Top Labor Law Violations in Florida - and How to Report Them

Top Labor Law Violations in Florida – and How to Report Them

If your employer committed labor law violations, would you recognize it

These violations are much more common than many people think. Employee rights stretch far and wide, with strong protections against many types of actions that employers may take. From issues that directly affect your paycheck to varying civil rights violations, it is vital to be aware of the types of violations that commonly occur and how to report labor law violations.

Common Labor Law Violations in Florida

Florida workers face multiple types of labor law violations, resulting in negative consequences for themselves and their families. Even with strict legislation in place, employers make decisions and take actions to benefit their business (or even themselves) at the expense of their employees. Here are some common labor law violations in Florida:

  • Not paying you for compensable timethis includes any hours worked, such as attending meetings, checking inventory, working through your lunch breaks and mandated breaks, working after your official shift, cleaning, or getting dressed in PPE necessary for work, or overtime pay.
  • Not paying your earned bonuses or commissions – if bonuses and/or commissions are part of your terms of employment or employment contract, and you earn them according to the terms, you are entitled to those bonuses or commissions.
  • Not paying you at least minimum wageFlorida’s minimum wage is higher than the federal minimum wage at $7.25. As of September 30, 2021, the minimum wage in Florida is $10.00 ($6.98 for tipped employees). Workers in Florida are entitled to the state minimum wage.
  • Sexual harassment – Florida civil rights laws and Title VII of the Civil Rights Act protect Florida employees from sexual harassment.
  • Retaliation against whistleblowers – when workers report illegal activity, unsafe working conditions, or other actions such as testifying to government agencies, retaliation is prohibited (such as employee termination); private and public sector protections are defined separately.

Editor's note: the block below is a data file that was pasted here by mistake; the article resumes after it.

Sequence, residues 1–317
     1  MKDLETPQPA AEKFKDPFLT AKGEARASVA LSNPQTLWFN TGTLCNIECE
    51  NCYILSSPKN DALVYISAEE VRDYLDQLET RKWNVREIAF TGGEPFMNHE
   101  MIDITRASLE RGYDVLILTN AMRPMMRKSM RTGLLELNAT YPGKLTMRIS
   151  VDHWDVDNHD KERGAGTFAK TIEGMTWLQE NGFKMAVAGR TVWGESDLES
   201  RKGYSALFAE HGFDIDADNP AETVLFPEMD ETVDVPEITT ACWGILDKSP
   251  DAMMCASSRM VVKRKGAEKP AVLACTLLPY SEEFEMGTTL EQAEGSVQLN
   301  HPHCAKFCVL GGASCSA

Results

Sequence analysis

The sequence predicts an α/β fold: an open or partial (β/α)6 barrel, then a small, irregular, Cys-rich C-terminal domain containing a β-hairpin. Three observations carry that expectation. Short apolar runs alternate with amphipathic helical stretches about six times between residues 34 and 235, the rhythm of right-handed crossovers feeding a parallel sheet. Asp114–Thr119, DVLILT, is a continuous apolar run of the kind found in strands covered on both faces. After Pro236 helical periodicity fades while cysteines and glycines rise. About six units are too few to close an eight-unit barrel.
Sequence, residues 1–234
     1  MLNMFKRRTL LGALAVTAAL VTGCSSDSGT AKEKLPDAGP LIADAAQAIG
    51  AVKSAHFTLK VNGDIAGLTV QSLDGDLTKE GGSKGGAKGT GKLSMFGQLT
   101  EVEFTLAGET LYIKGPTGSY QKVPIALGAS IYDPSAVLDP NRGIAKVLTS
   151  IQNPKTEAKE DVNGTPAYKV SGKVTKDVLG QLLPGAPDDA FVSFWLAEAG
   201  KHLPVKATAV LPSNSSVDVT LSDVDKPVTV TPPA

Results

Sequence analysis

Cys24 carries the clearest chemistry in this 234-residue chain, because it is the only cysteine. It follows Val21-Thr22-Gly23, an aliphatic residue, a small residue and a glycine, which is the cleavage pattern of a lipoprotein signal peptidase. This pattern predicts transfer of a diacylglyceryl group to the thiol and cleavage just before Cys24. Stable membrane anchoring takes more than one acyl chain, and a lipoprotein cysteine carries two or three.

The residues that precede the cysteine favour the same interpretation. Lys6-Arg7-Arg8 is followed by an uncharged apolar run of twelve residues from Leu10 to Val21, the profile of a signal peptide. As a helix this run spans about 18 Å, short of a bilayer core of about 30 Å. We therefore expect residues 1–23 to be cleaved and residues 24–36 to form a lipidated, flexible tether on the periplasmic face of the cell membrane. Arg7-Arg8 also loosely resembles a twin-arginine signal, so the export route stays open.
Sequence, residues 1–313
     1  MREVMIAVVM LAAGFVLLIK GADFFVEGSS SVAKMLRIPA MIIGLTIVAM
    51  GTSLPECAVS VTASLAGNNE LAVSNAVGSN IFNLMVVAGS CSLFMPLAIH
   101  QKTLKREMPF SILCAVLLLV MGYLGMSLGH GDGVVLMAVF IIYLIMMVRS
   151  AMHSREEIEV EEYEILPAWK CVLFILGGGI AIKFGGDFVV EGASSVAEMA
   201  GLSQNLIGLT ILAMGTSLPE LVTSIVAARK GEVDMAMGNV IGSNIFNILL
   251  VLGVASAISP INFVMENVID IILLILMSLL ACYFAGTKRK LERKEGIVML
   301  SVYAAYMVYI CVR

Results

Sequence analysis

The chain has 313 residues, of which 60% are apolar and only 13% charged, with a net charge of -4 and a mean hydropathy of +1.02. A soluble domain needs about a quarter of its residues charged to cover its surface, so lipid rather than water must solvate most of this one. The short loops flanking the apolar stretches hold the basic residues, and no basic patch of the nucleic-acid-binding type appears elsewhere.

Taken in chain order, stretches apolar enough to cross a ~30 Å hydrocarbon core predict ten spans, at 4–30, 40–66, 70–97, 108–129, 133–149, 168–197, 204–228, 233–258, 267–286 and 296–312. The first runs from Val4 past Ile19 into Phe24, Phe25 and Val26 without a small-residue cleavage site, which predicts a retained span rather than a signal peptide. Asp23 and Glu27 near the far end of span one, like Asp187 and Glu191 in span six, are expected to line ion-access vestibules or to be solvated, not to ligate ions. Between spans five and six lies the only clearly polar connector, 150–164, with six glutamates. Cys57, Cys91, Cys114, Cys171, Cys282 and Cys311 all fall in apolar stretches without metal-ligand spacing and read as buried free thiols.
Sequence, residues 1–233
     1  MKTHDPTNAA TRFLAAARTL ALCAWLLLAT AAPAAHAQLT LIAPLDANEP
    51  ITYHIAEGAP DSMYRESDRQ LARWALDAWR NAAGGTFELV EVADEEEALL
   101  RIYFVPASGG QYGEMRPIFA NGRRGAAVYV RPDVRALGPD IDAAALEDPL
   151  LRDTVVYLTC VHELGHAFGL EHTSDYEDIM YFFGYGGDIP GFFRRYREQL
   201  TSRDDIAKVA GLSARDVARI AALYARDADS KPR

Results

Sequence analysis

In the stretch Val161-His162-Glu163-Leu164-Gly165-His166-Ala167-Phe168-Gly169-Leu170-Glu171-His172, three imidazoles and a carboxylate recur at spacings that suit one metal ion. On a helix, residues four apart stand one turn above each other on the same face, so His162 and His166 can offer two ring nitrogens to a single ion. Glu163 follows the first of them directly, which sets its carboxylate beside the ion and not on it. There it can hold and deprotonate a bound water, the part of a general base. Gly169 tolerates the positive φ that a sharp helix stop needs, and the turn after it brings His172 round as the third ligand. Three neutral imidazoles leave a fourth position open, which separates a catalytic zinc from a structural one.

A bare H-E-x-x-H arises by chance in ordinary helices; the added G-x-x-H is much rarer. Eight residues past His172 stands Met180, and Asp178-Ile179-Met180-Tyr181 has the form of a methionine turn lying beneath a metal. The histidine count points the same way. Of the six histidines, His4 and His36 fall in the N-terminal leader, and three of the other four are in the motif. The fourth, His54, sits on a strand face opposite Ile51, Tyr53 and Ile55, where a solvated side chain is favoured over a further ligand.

These are examples of some of the common employment law violations in Florida. Multiple state and federal labor laws protect workers across Florida.

State and Federal Labor Law Violations

Employers must obey state and federal labor laws. They risk financial penalties, legal costs, unfavorable legal rulings, and even reputational problems if they do not. Even with these risks, employers still violate employee rights.

Employment law attorneys represent workers who have been the subject of state and federal labor law violations, fighting hard for their clients to hold companies responsible for their actions, including violations of the following legislation:

  • Florida Civil Rights Act (FCRA) of 1992 – state law protecting individuals against discrimination based on race, color, religion, sex, pregnancy, national origin, age, disability, marital status, or sexual orientation.
  • Florida Whistleblower Act – state Statute 448.102 protects private-sector employees who object to an activity, policy, or practice that violates a regulation, rule, or law or report or threaten to report their employers for their violations. State Statute 112.3187protects the public sector – employees must qualify as a whistleblower and follow strict reporting requirements and timelines.